Your spa is a place where clients come to breathe deeply, relax, detox, destress, and become more healthy, peaceful, and beautiful. The trouble is that your spa's air quality probably makes this impossible. Remarkably, the air quality inside most structures is up to 90 percent worse than the air outdoors. The Environmental Protection Agency's Total Exposure Assessment Methodology (TEAM) studies has found levels of about a dozen common organic pollutants to be two to five times higher inside than outside, regardless of whether the structures were located in rural or industrial areas.
America's desire for scented products is not good news in terms of air quality. Products laced with the chemical toluene have become pervasive in the last 10 years; it is used not only in perfumes but also in furniture wax, plastic garbage bags, inks, hair gel, hairspray, and other items that are part of every spa. Many spas may have even greater air-hygiene concerns, as particulates and fumes associated with beauty services are constantly being released.
A phenomenon called cacosmia, a component of so-called "sick-building syndrome," is related to breathing fumes and particulates commonly associated with chemical odors. The main symptom of cacosmia is daytime tiredness—sound familiar? In his study, "Indoor Air Odorants," James Cone, M.D., M.P.H., a Berkeley, CA-based indoor air quality consultant and former chief of the Occupational Health Clinic at San Francisco General Hospital, recommends that regulations be adopted to govern indoor air quality where specific point sources can be identified. Fragrance can provoke various symptoms, including dry or watery eyes, double vision, fatigue, headaches, nasal congestion, and sneezing.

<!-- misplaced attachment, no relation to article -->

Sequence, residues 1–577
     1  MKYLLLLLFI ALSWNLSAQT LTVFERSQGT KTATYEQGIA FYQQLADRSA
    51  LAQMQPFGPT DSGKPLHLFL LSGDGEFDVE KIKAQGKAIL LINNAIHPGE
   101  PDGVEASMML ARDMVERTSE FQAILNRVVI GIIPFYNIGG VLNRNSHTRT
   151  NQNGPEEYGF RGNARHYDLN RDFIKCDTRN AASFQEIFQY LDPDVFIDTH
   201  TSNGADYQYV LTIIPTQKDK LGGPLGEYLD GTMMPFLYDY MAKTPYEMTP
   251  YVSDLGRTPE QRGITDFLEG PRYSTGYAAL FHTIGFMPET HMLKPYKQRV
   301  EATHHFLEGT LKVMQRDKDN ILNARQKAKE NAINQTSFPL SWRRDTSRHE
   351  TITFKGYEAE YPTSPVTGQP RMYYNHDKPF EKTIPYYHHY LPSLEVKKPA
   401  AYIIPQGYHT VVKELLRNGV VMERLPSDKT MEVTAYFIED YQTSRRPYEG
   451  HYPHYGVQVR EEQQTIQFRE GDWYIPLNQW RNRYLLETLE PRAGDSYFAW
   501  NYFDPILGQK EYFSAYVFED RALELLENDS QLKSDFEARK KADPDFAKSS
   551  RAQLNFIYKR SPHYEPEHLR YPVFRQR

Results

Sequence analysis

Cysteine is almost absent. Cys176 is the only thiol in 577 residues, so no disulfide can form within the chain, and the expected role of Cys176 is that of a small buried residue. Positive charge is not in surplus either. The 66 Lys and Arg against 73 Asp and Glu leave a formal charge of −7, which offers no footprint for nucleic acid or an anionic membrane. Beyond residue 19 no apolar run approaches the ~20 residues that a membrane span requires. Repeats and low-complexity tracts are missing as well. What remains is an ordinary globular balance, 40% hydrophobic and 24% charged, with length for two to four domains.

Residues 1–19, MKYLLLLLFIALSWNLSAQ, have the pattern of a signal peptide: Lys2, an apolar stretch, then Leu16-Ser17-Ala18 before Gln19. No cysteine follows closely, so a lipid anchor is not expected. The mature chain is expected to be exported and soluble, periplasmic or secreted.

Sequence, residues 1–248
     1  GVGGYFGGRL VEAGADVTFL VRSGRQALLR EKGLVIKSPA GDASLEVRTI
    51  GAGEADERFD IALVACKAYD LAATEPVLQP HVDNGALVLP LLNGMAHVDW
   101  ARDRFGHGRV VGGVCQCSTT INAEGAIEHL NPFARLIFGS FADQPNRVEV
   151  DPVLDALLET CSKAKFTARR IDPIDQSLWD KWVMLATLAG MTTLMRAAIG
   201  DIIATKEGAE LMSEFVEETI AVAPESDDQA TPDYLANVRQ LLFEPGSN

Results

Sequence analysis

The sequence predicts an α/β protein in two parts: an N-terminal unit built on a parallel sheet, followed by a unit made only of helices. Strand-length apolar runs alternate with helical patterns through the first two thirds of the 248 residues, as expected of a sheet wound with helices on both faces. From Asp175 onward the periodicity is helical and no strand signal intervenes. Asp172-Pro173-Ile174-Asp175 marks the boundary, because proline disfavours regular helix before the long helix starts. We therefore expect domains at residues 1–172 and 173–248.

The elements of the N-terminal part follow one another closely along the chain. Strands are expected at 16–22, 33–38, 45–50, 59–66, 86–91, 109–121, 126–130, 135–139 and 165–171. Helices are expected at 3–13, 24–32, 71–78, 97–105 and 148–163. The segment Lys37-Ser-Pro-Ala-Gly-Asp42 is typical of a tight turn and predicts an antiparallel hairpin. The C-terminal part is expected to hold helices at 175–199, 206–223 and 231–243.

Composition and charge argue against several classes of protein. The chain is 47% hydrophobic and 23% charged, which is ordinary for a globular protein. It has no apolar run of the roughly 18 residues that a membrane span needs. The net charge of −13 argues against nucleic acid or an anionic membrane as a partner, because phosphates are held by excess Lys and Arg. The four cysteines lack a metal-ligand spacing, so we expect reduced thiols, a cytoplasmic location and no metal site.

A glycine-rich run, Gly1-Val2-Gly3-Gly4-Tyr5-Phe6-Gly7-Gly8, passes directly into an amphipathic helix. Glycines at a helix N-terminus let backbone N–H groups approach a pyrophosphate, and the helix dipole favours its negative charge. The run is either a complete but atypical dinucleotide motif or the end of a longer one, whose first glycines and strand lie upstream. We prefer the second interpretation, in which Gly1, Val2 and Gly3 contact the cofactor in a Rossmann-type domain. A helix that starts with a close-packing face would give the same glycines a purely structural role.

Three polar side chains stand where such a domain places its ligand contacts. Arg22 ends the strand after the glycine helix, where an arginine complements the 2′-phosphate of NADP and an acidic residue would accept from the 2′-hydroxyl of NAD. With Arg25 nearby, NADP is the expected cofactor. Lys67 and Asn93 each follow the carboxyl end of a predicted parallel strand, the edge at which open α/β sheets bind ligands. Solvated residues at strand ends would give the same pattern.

In terms of interior air quality, the beauty industry itself is problematic. For example, consider professional nailcare. The maintenance of acrylic nails requires powders, drilling, and filing, all of which fill the air with particulates. Lisa Richardson, owner of Whole Body Studio (Austin, TX) won't offer many services on account of the fumes they generate. "One drop of acetone just permeates our entire environment," she says. She's willing to pay the difference for a scent-free, acetone-free nail polish remover, even though it is slower to remove enamel from nails. "It's a trade off, and our customers understand," she says. "We are trying to create a total, integrated environment where health and beauty are not at odds. It's not always easy."
Where to Begin
Most of us work in environments where the windows do not open, and we spend a great deal of time breathing recycled air similar to what is found inside an airplane cabin. This wouldn't be such a bad thing if our environments were built with proper heating, ventilation, and air-conditioning (HVAC) systems. A correctly functioning, efficiently operating HVAC system really is a synthesis of good design, quality materials, qualified installation, and skilled and regular maintenance—all absent from most commercial structures and residences.
In many cases, your HVAC system may simply need to be professionally cleaned or repaired. In other cases, an HVAC system simply cannot be sustained or salvaged, which involves a substantial redesign and replacement process. These simple steps can dramatically change life in your spa, starting with your energy bills. When your system is operating efficiently, it takes far less power to run. Of course, in "green" terms, this is also good news for the planet. Better air-hygiene in your place of business often means that your employees are less prone to respiratory problems, headaches, chronic fatigue, and eye irritation. They may also feel more productive and, as a result, take fewer sick days, thereby boosting your bottom line.